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Farah Tanis 2012 Closing Monologue

Farah Tanis 2012 Closing Monologue

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Published by: BlackWomen's Blueprint on Mar 31, 2012
Copyright:Attribution Non-commercial


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In Reclamation
Mother Tongue Monologues 2012For Black Girls and Stolen Women Reclaiming Our Bodies, Our Selves, Our LivesWritten By Farah TanisInspired by the work of Patricia McFadden A war has happened here; right here on this soil; a war and a multitude of battles to lay claim tothe bodies of our daughters, our mothers, our sisters—to lay claim to the body that is our own,has happened…here.Listen….”For so many Black women, the true
, de-
connection between
power and pleasure is not often recognized, and remains a largely un-embraced and undefended heritage. Yet an understanding of this connection is one of the mostprecious legacies passed on to us by our foremothers. In often obscure or hidden ways, it lies atthe heart of female freedom and power; and when it is harnessed and "deployed", it has thecapacity to infuse every woman's personal experience of living and being with a liberatingpolitical force.”
Patricia McFadden, Radical African Feminist, Writer, Movement Builder 
.So many stories, so many testimonies have gone missing, so many still left to tell that we didnot have the honor to tell today. A war has taken place here. A war has taken place here on thishere soil; Started on the shores of Africa…. and a multitude of battles won by brave women,race women, revolutionary women, Queen women, Goddesses,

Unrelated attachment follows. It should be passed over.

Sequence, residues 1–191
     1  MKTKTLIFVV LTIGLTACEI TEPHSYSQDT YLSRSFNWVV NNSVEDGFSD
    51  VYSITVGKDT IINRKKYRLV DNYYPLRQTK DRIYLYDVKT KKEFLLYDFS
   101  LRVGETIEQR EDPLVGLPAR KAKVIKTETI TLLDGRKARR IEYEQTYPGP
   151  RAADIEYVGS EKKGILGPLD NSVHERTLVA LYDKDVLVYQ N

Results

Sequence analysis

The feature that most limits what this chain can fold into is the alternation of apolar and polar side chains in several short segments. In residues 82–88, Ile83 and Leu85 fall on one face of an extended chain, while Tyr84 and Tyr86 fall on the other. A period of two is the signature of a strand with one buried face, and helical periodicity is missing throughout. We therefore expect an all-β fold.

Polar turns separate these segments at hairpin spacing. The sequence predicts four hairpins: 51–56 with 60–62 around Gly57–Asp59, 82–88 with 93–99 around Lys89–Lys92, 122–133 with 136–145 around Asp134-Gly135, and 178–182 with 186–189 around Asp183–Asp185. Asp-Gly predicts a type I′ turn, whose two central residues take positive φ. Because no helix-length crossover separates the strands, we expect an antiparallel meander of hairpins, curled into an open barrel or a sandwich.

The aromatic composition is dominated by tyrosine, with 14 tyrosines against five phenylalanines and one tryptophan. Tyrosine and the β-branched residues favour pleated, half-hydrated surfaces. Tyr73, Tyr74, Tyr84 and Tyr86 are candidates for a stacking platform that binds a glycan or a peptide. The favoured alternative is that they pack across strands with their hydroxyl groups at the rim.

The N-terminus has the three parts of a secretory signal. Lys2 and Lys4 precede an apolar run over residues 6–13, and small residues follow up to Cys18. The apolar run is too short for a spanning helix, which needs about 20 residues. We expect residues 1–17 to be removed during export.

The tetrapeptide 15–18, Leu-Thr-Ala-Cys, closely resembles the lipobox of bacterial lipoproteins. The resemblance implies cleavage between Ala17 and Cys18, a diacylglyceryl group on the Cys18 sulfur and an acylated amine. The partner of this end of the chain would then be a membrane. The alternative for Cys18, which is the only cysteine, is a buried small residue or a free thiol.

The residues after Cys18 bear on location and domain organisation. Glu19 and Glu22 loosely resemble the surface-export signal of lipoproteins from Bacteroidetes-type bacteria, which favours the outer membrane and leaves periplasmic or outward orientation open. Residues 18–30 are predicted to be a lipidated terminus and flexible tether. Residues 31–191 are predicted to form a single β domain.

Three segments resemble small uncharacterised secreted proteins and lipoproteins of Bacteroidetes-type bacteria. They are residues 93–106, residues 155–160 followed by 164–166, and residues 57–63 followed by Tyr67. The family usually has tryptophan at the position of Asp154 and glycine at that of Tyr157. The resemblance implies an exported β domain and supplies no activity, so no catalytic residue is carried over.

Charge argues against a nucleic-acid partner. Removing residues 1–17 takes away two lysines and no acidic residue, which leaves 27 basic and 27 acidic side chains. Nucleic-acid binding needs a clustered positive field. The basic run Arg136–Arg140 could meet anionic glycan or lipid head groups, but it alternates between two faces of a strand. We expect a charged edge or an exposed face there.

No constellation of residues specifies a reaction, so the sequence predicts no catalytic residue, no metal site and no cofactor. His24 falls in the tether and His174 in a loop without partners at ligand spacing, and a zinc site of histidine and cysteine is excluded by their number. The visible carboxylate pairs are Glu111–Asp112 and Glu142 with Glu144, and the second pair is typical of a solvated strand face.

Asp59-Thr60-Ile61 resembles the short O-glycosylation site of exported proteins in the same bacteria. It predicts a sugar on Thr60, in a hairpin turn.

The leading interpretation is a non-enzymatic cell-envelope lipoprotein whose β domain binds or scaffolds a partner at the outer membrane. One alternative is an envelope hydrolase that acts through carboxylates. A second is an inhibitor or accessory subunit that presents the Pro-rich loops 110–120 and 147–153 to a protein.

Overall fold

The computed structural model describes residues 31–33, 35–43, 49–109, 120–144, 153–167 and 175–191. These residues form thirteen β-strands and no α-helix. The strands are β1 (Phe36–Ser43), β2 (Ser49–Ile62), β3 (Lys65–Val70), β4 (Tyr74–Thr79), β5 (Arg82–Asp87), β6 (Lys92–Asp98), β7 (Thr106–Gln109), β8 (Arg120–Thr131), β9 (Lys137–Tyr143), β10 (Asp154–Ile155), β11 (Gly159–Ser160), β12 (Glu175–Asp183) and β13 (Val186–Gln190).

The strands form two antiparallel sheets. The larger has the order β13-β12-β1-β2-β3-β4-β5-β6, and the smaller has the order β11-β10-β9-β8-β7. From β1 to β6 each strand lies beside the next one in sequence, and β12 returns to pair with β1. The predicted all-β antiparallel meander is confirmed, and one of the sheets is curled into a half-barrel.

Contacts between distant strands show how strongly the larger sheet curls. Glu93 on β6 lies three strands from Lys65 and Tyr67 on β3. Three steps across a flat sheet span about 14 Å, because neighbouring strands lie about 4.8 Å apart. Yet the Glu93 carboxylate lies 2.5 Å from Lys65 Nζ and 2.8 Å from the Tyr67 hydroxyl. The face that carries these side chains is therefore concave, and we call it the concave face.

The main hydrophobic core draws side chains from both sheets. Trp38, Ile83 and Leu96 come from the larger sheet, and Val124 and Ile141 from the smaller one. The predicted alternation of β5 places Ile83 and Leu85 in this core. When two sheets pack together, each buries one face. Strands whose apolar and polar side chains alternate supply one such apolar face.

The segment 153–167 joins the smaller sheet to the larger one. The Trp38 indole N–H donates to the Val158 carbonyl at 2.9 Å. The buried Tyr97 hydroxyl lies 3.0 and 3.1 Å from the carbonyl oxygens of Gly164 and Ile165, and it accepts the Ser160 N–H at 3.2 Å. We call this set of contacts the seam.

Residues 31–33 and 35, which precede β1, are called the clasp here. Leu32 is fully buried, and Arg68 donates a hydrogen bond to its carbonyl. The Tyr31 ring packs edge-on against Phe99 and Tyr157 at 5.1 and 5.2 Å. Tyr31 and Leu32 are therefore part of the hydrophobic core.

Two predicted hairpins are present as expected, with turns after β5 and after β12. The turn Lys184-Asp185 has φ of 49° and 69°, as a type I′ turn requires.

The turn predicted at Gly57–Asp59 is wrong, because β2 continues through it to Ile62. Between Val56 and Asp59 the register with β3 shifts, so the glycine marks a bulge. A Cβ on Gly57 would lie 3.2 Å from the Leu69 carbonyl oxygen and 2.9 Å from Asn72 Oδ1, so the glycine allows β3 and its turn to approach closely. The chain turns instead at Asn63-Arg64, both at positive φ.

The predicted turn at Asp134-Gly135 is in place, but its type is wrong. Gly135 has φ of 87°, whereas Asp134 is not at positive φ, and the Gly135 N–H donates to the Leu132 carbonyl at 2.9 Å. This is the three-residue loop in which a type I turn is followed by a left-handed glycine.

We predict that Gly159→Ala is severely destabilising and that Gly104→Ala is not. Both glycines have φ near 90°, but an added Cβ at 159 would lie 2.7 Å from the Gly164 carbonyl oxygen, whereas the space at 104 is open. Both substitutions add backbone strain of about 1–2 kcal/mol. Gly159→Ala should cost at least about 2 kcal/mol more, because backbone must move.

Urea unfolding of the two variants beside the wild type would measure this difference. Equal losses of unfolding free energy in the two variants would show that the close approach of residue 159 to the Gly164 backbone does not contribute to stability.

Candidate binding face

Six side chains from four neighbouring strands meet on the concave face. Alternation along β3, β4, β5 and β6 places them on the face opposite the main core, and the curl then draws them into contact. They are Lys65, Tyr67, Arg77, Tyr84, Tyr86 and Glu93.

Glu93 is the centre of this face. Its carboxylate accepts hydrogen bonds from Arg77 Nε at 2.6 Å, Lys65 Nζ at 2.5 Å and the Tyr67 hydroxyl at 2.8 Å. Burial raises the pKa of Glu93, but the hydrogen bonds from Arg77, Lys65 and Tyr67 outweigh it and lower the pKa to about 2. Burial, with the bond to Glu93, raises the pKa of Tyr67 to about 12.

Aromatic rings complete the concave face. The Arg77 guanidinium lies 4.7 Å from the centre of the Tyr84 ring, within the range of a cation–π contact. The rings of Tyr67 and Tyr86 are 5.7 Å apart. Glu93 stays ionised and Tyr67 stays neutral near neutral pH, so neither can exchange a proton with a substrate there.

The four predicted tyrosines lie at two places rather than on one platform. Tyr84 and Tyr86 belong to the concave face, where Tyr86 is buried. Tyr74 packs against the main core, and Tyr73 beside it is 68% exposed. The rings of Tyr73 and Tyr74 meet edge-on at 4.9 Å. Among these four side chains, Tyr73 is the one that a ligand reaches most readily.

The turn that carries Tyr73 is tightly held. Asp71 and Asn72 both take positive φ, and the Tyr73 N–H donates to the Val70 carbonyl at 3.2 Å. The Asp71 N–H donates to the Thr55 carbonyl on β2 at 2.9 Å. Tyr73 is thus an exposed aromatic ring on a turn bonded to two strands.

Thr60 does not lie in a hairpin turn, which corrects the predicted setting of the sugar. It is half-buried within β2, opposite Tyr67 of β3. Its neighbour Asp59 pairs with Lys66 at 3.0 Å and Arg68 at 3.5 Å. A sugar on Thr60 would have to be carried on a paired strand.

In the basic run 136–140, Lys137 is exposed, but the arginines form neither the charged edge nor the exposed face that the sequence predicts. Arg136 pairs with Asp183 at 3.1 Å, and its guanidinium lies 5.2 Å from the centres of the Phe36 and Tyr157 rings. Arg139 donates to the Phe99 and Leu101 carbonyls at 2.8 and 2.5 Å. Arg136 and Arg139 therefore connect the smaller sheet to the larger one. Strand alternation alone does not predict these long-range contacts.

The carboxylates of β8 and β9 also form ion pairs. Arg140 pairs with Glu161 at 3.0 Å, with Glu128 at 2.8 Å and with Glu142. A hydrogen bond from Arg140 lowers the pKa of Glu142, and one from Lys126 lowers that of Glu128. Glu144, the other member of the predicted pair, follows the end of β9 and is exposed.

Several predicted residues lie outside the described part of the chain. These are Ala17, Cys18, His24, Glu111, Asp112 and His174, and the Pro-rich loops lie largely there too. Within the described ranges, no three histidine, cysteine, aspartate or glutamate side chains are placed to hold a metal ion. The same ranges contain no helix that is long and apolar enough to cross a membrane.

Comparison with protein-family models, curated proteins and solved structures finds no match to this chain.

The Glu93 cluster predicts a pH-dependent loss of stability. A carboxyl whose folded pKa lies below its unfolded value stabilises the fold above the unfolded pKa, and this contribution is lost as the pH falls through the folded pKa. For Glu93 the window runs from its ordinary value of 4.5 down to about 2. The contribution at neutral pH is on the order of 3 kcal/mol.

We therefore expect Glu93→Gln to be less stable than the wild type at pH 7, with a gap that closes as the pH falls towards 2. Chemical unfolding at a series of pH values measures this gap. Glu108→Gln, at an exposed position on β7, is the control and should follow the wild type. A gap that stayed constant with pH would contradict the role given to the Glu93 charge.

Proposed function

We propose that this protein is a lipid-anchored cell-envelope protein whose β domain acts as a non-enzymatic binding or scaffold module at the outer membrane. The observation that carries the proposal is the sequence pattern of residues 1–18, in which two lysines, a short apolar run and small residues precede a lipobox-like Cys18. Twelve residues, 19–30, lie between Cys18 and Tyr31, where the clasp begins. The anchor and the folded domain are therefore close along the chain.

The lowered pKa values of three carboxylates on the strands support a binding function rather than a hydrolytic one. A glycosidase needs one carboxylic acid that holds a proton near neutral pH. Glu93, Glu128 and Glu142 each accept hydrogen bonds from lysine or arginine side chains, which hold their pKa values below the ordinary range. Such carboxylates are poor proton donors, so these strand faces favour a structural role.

…. Prophetesses andBlack Feminists and Womanists, by Artists, Lovers and Builders.Despite hundreds of days and collective years in the belly or on the deck of those slave ships to America, Cuba, Haiti, Jamaica, Trinidad & Tobago, to Panama, Brazil and elsewhere. Despitethe consistent tarring open of our thighs, Despite of the attempted erasure of these true stories,they have not won out. We know!We’ve heard told of the decisive plunging of our foremothers to the bottom of the ocean inultimate resistance to being kidnapped from the land where they planted their feet and took their first steps as girls. The news has spread of the hundreds, if not thousands of marches for freedom, the promulgation of liberation via literary works, organizing, art and outright emotional,spiritual and physical rebellion even today. And this--- indisputably fortifies, and is ringingaffirmation of the blood that courses through each of our veins.Let us claim the legacy of whom we have been and who we are. No longer do we need toremain in dark horrible places, suffocating places, closely patrolled not only by men, but even bywomen themselves from all classes, persuasions and social standings, no windows, no air, withseemingly no way out.Claim it. We can all seek spaces where we can begin healing, begin exercising our right tomake choices that involve much more than our options within hetero-normative relationships.We know that many of these are flawed by deep-seated misogyny that generates the despair that characterizes so many women's lives, as well as men’s lives.Claim it. We can be, do, act and say---everything that we have not yet begun to say and do aswomen who know that our lives can be different, if we only have the courage to step out of thecages of cultural practices and values that not only oppress us, but also presume to dictate theterms of 
freedom, the terms of our bodies, the terms of our sexuality, the terms of our sensuality and the terms of our liberation.
Patricia McFadden, Sexual Pleasure as Feminist Choice, Feminist Africa: Changing Cultures.
You choose. Claim it. Healing spaces.
Claim it. Freedom.
Claim it. We stand on greatshoulders and together, we can tend to ourselves and each other in reclaiming ourselves, our bodies and our lives.In
war, in
we can